Employees earning up to twice the minimum wage are entitled to a minimum monthly statutory transportation allowance of COP 140.606. Such amount is updated annually and is only paid to employees working on-site (that is, this is not mandatory for employees under telework), and is not paid when they are under a leave.
Generally, we recommend budgeting 45% as benefits cost on top of the gross salary to allocate the total employer’s cost, including benefits in Colombia.
Employees with an ordinary type of salary (usually less than 13 minimum salaries per month) are entitled to a bonus every 6 months called prima de servicios. This benefit is equivalent to 15 days of salary payable to the employee on the last day of June and 15 days of salary payable within the first 20 days of December each year. This benefit is due upon termination of employment in proportion to the time worked during the calendar semester in which the termination takes place. Employees receiving more than 13 minimum salaries per month can remain classified as receiving “ordinary salary” instead of an “integrated salary” by agreement with the employer, to continue receiving the prima de servicios.
Termination and severance in Colombia
Probationary periods must be in writing, and employees terminated during or at the end of the probationary period will not be entitled to severance:
- For indefinite-term contracts and fixed-term contracts between 1 and 3 years, the maximum probationary period is 2 months.
- In fixed-term contracts for less than 1 year, the probationary period may not exceed 1/5 of the agreed term, not exceeding 2 months.
When the labor contract is terminated with just cause, the party that terminates is not legally obligated to pay an indemnity for dismissal as long as the facts and reasons that motivated the decision are real and can be further evidenced.
- Termination of employment with just cause must be handled with care and will always require further consideration with labor attorneys, as there is a prior “hearing” process that must be completed internally with the employee prior to termination.
- In any case, the employer must have serious evidence to demonstrate the just cause and documentation necessary to support its fair decision in the event of a judicial claim.
- The employer must prove the reasons for termination in the event the employee informs the judge that the just cause did not exist.
- For every dismissal, there is a high risk of a labor lawsuit, which requires representation and administrative costs on behalf of the employer.
- It is highly recommended to consider the termination of labor contracts by mutual consent of the parties, formalizing it through a settlement agreement or by a termination without cause notice which can be submitted by the employer by paying the severance costs as mentioned below.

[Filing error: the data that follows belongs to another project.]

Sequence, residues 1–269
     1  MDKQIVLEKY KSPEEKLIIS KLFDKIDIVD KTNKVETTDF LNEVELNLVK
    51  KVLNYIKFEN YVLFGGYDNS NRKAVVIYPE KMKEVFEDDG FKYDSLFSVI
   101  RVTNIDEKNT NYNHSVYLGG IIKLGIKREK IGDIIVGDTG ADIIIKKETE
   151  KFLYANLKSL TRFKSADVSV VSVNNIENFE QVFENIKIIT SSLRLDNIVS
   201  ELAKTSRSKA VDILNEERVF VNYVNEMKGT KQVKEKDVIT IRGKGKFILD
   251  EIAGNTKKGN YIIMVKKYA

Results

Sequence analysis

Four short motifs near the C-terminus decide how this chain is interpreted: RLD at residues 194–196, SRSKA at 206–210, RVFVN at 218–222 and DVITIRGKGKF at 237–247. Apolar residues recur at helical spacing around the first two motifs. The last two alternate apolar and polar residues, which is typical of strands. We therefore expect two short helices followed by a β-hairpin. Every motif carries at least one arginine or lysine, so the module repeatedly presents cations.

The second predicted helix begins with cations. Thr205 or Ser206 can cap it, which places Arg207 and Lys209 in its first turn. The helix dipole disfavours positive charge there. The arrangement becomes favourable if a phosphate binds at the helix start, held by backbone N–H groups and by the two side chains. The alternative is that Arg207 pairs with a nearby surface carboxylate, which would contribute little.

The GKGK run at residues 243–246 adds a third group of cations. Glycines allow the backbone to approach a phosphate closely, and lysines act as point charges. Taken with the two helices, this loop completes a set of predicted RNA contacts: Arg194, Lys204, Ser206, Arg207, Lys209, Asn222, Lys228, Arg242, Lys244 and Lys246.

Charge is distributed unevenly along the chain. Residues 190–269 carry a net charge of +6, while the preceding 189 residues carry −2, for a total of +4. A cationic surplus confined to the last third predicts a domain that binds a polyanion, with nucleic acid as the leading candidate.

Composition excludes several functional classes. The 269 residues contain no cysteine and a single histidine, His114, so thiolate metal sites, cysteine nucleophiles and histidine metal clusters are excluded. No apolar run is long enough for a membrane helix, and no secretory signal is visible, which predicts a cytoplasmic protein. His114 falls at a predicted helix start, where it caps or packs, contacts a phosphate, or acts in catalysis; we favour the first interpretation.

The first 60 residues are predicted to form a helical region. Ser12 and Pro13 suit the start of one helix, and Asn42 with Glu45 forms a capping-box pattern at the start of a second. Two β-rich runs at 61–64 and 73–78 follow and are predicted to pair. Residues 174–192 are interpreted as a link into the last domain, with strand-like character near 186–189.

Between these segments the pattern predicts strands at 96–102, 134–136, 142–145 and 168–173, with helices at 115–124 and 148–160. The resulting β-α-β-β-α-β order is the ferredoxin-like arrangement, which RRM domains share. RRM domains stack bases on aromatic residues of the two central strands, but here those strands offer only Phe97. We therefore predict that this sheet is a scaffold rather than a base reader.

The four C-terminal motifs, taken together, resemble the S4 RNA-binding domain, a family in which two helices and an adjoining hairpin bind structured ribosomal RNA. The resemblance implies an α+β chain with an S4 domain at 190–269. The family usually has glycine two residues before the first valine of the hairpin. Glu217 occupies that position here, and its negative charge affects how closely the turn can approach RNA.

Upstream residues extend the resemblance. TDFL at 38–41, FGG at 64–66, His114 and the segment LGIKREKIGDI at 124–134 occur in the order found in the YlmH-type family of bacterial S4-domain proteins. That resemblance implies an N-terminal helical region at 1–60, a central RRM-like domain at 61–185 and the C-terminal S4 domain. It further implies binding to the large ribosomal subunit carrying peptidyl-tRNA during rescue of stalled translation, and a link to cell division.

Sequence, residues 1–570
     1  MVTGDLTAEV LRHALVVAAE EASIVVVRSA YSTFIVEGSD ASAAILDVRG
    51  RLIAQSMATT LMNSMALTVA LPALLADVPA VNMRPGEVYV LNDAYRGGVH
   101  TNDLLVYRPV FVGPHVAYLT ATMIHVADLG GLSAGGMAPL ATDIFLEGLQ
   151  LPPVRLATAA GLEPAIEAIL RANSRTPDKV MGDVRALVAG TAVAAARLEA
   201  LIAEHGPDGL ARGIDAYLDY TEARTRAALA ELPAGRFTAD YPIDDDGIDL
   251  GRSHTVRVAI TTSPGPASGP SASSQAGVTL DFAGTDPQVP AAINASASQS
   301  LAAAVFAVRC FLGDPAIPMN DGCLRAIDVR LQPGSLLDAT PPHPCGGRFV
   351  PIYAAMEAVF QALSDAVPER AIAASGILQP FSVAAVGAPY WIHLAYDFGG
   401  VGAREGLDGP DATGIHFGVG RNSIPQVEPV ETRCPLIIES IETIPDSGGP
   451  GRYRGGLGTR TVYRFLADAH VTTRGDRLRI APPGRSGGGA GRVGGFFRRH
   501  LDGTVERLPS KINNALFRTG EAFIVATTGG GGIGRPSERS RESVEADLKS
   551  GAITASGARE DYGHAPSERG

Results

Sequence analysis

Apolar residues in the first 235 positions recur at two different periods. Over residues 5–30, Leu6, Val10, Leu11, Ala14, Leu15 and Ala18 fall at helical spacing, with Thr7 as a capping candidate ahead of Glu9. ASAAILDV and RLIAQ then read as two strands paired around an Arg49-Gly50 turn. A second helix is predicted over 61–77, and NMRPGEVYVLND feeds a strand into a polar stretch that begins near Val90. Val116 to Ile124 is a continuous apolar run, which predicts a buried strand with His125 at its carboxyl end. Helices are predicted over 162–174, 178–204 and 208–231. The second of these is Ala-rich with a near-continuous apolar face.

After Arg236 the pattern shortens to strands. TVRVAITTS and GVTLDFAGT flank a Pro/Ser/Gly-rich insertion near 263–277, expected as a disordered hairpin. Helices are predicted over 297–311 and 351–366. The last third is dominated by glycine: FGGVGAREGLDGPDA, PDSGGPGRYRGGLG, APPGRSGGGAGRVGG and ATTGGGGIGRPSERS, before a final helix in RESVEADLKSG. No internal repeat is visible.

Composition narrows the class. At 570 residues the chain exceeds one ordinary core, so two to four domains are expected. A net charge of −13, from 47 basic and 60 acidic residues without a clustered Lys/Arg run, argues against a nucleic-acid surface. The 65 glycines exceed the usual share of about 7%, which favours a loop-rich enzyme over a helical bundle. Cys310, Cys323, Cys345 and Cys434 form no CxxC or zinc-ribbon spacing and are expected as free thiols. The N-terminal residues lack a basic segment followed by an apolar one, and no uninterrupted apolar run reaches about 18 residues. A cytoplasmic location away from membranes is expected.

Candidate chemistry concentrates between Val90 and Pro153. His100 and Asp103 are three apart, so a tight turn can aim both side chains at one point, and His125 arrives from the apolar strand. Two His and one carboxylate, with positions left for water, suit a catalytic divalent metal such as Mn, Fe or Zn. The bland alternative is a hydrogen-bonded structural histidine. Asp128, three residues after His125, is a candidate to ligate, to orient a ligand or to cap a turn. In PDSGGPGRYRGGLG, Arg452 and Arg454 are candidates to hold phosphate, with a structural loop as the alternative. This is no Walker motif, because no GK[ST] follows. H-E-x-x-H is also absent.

An employment contract may be terminated by unilateral decision of any of the parties, whether or not there is just cause. The labor contract may also terminate upon mutual consent of the parties. In the case of termination without cause by the employer under an indefinite contract, the employer is required to make the following payments:
- All accrued and proportional wages.
- Severance for indefinite term contracts:
- Employees receiving a monthly salary that is less than 10 minimum salaries: (a) 30 days of salary for the first year or less, and (b) 20 days for each subsequent year (or proportional).
- Employees with 10 minimum salaries per month or more: (a) 20 days of salary for the first year or less and (b) 15 days of salary for each subsequent year of services (or proportional).
- Unemployment fund pay is compulsory and equivalent to 1 month’s salary for every year of service and proportionally for fractions of a year upon termination of employment, accrued from January 1 through the date of the termination.
- Unemployment fund interest is generated at 1% per month; it is paid upon termination date.
In case of fixed-term contracts, if an early termination before expiration date occurs, employers should pay an amount equal to the salaries from the (early) termination date through the completion of the expiration date or fixed-term agreed in the contract. In case of termination at the expiration date or fixed term agreed in the contract, the employer must give a 30-day prior notice to the employee, informing the employee of the decision not to renew the fixed term of the contract. Otherwise, if the prior notice was not given in a timely manner, the contract will become an indefinite-term contract.
Employers are permitted to terminate its employees without cause, as long as such terminations do not exceed a certain percentage of the headcount within the last 6 months. If such limits are to be exceed, the employer must get prior approval from the Labor Ministry. However, such authorization is difficult to obtain.
Paying taxes in Colombia
- Social security: Employers are obliged to pay social security in Colombia. The social security payments are made up of the following:
- Health: 12.5%, of which 8.5% is paid by the employer, and the remaining 4% is payable by the employee.
- Occupational risk: this contribution is fully borne by the employer and depends on the kind of risk in which the economic activity of the company is classified – ranging between 0.348% and 8.7% of salary.
- Family Welfare Fund: All employers must contribute 9% of the monthly payroll.
- Pension: 16% of the employee’s salary, from which 12% is paid by the employer, and the remaining 4% is payable by the employee.
- Income tax: For residents, income tax rates are progressive, meaning they increase based on income. The tax system is expressed on Tax Value Units (UVT). The maximum tax rate is 33% and is applicable to taxable income in excess of 4,100 UVT. Net income up to 1,090 UVT would be subject to an effective rate of 19%. Net income between 1,091 UVT and 1,700 UVT would be subject to an effective rate of 28%.
It is the responsibility of the employer to deduct and pay employees’ taxes and contributions to the Social Security System.